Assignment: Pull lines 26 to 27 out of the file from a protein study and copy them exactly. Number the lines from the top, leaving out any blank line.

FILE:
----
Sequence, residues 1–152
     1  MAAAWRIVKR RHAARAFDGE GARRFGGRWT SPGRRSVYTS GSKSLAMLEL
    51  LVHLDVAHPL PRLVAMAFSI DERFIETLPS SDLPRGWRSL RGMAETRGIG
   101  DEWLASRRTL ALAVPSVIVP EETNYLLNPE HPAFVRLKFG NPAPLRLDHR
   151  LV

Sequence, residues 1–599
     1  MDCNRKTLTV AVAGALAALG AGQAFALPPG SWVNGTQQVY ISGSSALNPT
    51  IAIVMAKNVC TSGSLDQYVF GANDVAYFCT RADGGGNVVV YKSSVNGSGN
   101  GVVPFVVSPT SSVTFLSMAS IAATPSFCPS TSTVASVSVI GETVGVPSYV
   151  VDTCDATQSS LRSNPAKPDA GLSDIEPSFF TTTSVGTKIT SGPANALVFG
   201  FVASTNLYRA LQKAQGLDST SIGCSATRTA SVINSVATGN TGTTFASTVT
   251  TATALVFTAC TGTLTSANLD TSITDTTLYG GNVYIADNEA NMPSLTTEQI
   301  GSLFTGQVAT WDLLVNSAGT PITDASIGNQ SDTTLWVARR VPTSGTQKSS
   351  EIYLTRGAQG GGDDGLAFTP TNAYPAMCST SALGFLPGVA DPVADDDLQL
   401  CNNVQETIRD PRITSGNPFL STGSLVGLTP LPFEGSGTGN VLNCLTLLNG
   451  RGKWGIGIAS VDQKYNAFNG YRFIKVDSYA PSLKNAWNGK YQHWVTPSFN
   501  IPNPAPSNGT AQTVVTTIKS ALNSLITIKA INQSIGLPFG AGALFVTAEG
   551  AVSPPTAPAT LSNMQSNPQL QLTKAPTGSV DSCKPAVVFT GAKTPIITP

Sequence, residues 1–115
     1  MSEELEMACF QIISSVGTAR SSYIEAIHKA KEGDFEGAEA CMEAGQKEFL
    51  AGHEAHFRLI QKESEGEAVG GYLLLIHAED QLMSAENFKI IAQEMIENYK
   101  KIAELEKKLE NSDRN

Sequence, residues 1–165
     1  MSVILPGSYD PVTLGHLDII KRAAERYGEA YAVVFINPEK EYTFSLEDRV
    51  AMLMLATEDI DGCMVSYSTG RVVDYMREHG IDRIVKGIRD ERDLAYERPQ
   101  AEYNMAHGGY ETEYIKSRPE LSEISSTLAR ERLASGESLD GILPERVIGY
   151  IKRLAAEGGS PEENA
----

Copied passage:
   101  AEYNMAHGGY ETEYIKSRPE LSEISSTLAR ERLASGESLD GILPERVIGY
   151  IKRLAAEGGS PEENA